Stop Corruption - smThe East-West connector and development of the land south of Lone Peak High School continues to be most interesting. Was the meeting Senator Dayton expressed concern (my 15th “Issues and Information” meeting held at city hall on 5-Oct-2017) a violation of the Open Meeting Act. Good question. Let’s start with Senator Dayton’s email:

Tuesday, October 3, 2017

Why Am I Supporting Rod Mann For Mayor?

logo largeHere are five Highland residents discussing why they support my run for Mayor. In the group are those who did not vote for me when I ran for city council, are members of different political parties, and disagree with me on issues. Some I have known for twelve years others a just a few. These were recorded during the primary. More will be coming.

City Council 5-Sep-2017: Dry Creek Park, Library Expansion

Sixty-three residents were in attendance most were there for the Dry Creek Lake or the Library Expansion presentations.

Presentations

  1. Dry Creek Park – Lorin Powell, Lehi City Engineer. Lorin gave a presentation (click here to open the presentation) on the current status of the Dry Creek Park plan. Before I do a brief overview of the presentation let me first go over some background info:
    2017-09-05 Dry Creek Google Map

Saturday, September 30, 2017

City Council 1-Aug-2017: Safety Enhancement 11800 and Highland Blvd, Preliminary Approval for Ruby Estate, Urban Deer Control Discussion

imageThirty residents and guests attended the council meeting. I don’t believe there was one single issue that brought most of the residents although I believe a number came to see the 11800 N  / Highland Blvd Intersection safety construction motion approved.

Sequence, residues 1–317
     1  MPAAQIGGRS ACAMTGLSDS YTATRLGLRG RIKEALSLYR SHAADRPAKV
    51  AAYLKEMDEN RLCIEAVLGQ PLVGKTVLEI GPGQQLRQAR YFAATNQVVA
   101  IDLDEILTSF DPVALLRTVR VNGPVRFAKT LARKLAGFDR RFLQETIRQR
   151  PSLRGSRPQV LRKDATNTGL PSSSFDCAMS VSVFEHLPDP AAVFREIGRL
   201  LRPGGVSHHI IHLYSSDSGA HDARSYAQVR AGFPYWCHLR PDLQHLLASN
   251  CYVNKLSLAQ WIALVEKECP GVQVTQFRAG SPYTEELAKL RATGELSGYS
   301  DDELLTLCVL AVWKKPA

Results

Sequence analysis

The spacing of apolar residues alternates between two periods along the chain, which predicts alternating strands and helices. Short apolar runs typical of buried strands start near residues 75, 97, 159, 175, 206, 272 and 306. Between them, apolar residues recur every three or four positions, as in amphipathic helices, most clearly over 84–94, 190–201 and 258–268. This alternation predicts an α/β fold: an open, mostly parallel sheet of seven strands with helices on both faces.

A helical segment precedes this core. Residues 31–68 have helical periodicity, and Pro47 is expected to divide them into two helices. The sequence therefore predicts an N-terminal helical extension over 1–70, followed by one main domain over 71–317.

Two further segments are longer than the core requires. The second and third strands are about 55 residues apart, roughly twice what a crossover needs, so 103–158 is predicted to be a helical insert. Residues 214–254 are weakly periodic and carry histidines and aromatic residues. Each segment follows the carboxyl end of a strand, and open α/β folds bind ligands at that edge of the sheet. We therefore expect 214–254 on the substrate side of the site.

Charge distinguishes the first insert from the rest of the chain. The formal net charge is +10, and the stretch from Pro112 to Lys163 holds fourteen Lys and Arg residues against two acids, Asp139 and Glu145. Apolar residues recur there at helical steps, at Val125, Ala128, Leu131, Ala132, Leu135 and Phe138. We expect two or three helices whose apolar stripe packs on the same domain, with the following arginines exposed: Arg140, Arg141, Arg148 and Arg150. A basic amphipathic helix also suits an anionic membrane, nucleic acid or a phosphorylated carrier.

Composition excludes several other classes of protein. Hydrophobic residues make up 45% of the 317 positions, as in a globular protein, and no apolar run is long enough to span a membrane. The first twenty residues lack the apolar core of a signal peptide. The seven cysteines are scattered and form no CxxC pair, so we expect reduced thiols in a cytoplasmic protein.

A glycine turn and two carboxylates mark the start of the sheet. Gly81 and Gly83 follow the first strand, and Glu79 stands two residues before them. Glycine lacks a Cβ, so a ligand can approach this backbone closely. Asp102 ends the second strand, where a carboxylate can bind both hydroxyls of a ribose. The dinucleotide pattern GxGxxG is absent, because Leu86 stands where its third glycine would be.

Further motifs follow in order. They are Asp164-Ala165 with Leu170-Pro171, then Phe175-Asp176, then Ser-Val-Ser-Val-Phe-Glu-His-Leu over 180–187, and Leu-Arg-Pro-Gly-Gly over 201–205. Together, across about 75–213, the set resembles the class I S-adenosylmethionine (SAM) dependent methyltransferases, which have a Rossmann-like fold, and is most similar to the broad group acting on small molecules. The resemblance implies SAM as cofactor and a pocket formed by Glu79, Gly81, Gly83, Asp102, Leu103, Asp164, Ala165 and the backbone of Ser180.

APPEARANCES

  • David Larsen, a junior cabinet member, from Lone Peak HS, proposed putting an image of the LPHS Logo in the intersection of N. County Blvd and Cedar Hills Drive. The council indicated that they would support the initiative but that N. County Blvd was a state road and UDOT would need to authorize the project.

Tuesday, September 19, 2017

City Council 18-Jul-2017: Country French No Build Zone, Preliminary Plats for Dr. Larsen Dental Office and Oak Ridge, Financial Sustainability Study, R-1-30 Zone Application

Forty-two residents and guests attended the council meeting. Most were there because of the No Build setback question in Country French Estates. 

APPEARANCES

  • Anne Hansen: Expressed support for proposed fireworks ban and indicated she would support a complete ban in the future.

  • Neal Evans: Asked that item 9 (R-1-30 zone application) and 3 (Oak Ridge Preliminary Plan) be discussed together.  Request was denied as they were independent issues (i.e. the result of a vote on one has no bearing on the other).

Monday, September 4, 2017

City Council 20-Jun-2017: Final Plat approvals, Fireworks and Open Fire Restrictions

10 residents plus Scout Troop 1128 were in attendance.

APPEARANCES

  • None.

CONSENT

  1. MOTION: Approval of Meeting Minutes for the City Council Regular Session – June 6, 2017 Click here to view the minutes. Approved unanimously with minor changes.

Wednesday, August 30, 2017

Lone Peak Fire District State Auditor's Report

Utah State Auditor LogoWe received the final report from the State Auditor’s office regarding the Lone Peak Fire District. There are a number of things that the district can improve on and I am thankful to the state auditors for putting together a  comprehensive list of items to work on.You can read the report below (click here to view the official pdf version of the report).

Here are links to stories in the media that cover the report:

Friday, August 4, 2017

Deciding Which Boxes To Check On Your Ballot

Mr Bean - Confused

I occasionally feel like Mr. Bean looks when it comes to deciding whose box to check on the ballot. Let me share some thoughts on what I believe is important based on having served nearly four years on the Highland City council.

Monday, July 31, 2017

Questions from Highland Residents

Questions-Sitting

I’ve knocked on nearly 10% of the doors in Highland, and talked with many of you at various events. Here are responses to three of the questions and comments I frequently hear:

Sunday, July 30, 2017